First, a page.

Gambling Behaviour Part One – it’s the product stupid!Print this page
Derek Webb, the founder & funder of Stop the FOBTs and the Campaign for Fairer Gambling, explains gambler and product interaction.
You’d probably be surprised to hear it, but there are even some professional gamblers who are also problem gamblers. Sounds impossible, but I must have met around 100 of them. And when I say “professional” I don’t mean someone who espouses their opinion of their gambling history. I mean someone who is known in their peer group to be successful and able to provide a living income solely from gambling.
They have to be gambling at an activity that is beatable. Most non-regulated gambling is beatable if you are stronger than your opponents, for example cash gambling at backgammon. In terms of regulated gambling, it is generally acknowledged that racing, sports, blackjack and poker are all beatable, given the right conditions and the right skills. Whilst there are unusual gamblers who have exhibited unusual skills at certain other gambling activities, they are unusual exceptions.
In respect of race and sports betting, it is getting harder to be a professional in Britain. Legal opportunities to get cash on are diminishing as betting offices routinely refuse even suspected break-even gamblers. Also remote online sites close accounts or restrict bet amounts. Blackjack is becoming harder as casinos have learnt much more about the skill techniques and more shuffling machines are being used to diminish skill opportunities. Poker is still a viable beatable activity.Over decades of successful poker playing I met many proficient winning poker players who had a weakness. More often than not it was just one specific gambling activity, such as sports betting or baccarat (known as punto-banco in Britain) that was the weakness.
Even at poker itself I have met winning gamblers at certain forms of poker who eventually became losers as the preferred poker game variations changed. Some of those unable to adapt even became problem gamblers at poker. I was personally a far better cash game player than tournament player and also a better pot limit or no limit player than a limit player. Also I was far better at omaha, hold’em and five card stud than I was at other poker game variations.
Well over 30 years ago I got lucky and won the first international no limit hold’em tournament held in Ireland. I was the only Brit against around 11 or so of the top Irish and American players. The following year I could only persuade four other Brits to join me. As pot limit was played in Britain and the event was no limit, many British players were deterred.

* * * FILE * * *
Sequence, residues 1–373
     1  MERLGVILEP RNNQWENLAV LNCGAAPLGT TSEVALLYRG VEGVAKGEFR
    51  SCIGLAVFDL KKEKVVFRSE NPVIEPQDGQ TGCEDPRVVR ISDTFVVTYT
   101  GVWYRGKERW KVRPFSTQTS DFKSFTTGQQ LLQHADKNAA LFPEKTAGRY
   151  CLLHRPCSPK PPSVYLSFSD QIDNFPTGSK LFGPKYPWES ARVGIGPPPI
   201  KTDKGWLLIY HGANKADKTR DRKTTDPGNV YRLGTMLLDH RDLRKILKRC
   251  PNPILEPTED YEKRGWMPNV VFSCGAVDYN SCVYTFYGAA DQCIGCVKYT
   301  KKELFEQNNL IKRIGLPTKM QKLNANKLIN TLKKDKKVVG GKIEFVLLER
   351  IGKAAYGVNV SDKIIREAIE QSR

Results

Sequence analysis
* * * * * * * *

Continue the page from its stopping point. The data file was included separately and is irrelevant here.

The game structure, the compulsory antes and blinds relative to minimum cash buy-in amounts also influence player behavior. In the early days the poker circuit was small with many overseas events not attracting many players. It was important to determine the right game variation, the right buy-in and the right structure to get the greatest player participation.
Much of the above is fairly common knowledge to those who understand gambling. Unfortunately many people who do not understand gamblers or gambling somehow seem to think they are qualified to pontificate about gambling behaviour.
One of the concepts used to try to prevent to the success of the Campaign is the falsehood that all problem gamblers will gamble at anything and will be problem gamblers regardless. The problem gambler who engages in more than one gambling activity is then used as an excuse to do nothing about any gambling activity.
The reality is that, irrespective of the number of gambling activities that problem gamblers engage in, some have a problem with only one activity, and some have one activity which is far more problematic than their other activities. Because the current misplaced gambling establishment philosophy in Britain is that it is the gambler who is problematic, rather than the product, this has prolonged the delay in action against FOBT stakes.
With FOBT estimated losses from vulnerable at-risk and problem gamblers staking over £2 per spin running at over £500 million per year, there has now been over £1 billion lost by vulnerable persons since the DCMS 2013 triennial review of stakes and prizes failed to reduce FOBT stakes. This is a run rate of over £1.5 million per day.
Yes, individuals have a responsibility. Yes, some individuals are more prone to addiction than others. But every day, vulnerable persons entering betting offices for the first time, are still being exposed to the evidentially proven most addictive form of gambling – FOBTs. How much longer can this illogical and destructive anomaly of machine gambling at stakes over £2 in easy access premises continue?